What’s more, while the professional development in most high-achieving countries is geared to the content teachers impart at a particular grade level, that is hardly true in the United States, Mr. Schmidt said. In fact, he argued, a “profound” gap exists between teachers’ subject-matter knowledge in the United States and in top-achieving nations.
“The curriculum gap will not be closed very easily with the knowledge gap that exists,” he said.
Several panelists expressed hope that the United States is more prepared to tackle such problems than it has been in the past.
“The environment has shifted in our state, and people are wanting not a state curriculum, but they’re wanting good resources,” said Terry Bergeson, the superintendent of public instruction in Washington state.
Similarly, Nancy S. Grasmick, the state schools chief in Maryland, and Jerry D. Weast, the superintendent of the Montgomery County, Md., schools, described their state’s efforts to establish a model statewide curriculum.
In contrast, in New York state, Randi Weingarten, the president of the United Federation of Teachers, described her union’s efforts to write a curriculum for New York City schools over the past three years—undertaken in part because the state and the district refused to do so, she said.
Now that the AFT affiliate is nearly finished with its English/language arts curriculum, she said, it is facing resistance from some community district superintendents who have suggested it’s not the union’s job to write a curriculum.
“That’s the dilemma,” Ms. Weingarten said. “Whose job is this? People are saying to us, ‘It’s not your job,’ but the teachers don’t have it from someone else.”
Yet state Rep. Peter J. Larkin of Massachusetts, the co-chairman of the joint committee on education, arts, and humanities, said he wondered just how ready local school systems are to cede their control over curriculum and professional development.
“How prescriptive and directive do you want a state to be to local districts?” Mr. Larkin said. He noted that local superintendents in his state are asking for more flexibility, so they can reduce professional- development costs during tight economic times.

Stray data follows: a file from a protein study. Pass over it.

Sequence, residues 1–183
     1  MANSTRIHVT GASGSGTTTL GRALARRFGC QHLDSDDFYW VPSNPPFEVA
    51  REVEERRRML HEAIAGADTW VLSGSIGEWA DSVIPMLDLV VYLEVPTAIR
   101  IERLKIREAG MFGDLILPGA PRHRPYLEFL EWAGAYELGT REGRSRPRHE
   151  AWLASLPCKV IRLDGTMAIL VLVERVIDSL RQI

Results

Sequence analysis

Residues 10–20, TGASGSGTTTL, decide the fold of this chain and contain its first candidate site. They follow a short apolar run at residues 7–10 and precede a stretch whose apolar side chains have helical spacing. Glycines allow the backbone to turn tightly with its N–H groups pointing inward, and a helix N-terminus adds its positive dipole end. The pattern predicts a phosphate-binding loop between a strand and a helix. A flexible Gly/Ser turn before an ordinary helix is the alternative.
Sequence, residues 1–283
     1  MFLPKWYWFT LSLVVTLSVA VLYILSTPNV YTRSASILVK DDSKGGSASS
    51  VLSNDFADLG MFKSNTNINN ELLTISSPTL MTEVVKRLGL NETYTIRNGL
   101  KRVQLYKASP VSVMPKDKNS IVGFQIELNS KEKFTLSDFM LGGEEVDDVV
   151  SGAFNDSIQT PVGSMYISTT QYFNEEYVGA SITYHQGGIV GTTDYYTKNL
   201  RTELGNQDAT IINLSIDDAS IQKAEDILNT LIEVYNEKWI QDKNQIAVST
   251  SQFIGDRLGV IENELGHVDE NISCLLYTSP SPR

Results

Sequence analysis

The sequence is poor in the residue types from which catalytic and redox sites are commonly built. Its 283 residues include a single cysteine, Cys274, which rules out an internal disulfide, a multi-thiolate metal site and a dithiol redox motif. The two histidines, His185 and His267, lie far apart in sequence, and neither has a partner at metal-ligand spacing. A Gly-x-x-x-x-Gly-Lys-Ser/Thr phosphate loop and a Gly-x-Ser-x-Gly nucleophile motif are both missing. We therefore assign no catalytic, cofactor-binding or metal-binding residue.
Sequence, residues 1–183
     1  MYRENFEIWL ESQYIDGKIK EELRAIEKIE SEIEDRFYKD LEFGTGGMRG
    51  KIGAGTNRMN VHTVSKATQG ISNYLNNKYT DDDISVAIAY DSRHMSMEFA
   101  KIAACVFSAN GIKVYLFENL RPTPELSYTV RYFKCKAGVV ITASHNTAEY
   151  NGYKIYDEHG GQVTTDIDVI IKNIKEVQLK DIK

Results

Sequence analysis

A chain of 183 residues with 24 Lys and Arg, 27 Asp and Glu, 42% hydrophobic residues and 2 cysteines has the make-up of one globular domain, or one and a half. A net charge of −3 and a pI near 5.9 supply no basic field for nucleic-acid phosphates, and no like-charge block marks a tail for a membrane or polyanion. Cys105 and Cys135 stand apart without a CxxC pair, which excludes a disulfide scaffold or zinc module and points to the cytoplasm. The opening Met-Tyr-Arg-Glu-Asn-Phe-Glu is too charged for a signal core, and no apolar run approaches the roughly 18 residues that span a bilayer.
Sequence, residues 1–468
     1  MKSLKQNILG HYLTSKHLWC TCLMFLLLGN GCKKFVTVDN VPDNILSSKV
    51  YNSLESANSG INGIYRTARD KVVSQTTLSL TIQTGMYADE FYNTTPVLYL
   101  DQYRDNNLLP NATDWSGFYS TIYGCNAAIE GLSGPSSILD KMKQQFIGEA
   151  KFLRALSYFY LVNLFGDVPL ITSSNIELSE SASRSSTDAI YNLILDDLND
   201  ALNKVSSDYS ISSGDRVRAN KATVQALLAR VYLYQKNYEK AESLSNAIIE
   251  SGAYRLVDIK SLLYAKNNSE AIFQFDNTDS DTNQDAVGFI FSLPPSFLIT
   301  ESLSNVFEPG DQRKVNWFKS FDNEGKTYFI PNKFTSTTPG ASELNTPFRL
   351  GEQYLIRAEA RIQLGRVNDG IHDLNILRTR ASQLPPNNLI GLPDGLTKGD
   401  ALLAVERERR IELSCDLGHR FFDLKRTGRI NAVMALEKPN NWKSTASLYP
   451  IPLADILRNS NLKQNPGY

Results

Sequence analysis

New Funding Options
One large new source of funding, participants here pointed out, is the money for professional development and teacher quality under the 2001 reauthorization of the Elementary and Secondary Education Act. Congress appropriated $2.85 billion in fiscal 2002 for teacher-quality initiatives, in addition to $10.35 billion in Title I grants to districts, some of which must be spent on professional development.
The good news, said Michael Cohen, a former assistant U.S. secretary of education in the Clinton administration, is that there’s a bigger pot of money available. The bad news, he said, is that districts can spend that money on a vast array of options and tend to have a poor record of spending professional-development aid effectively.
Richard F. Elmore, a professor of educational leadership at Harvard University, suggested that states could take a number of steps to promote a more coherent professional-development strategy aligned with state standards: Insist that districts reallocate all their existing professional- development money before providing any new dollars; subsidize only those districts with well-conceived plans for making large-scale gains in teaching and learning, not just separate activities; and develop benchmarks and examples of what good curricula, professional development, and pedagogy look like.
A version of this article appeared in the April 03, 2002 edition of Education Week as Forum Bemoans Gap Between Standards and Classroom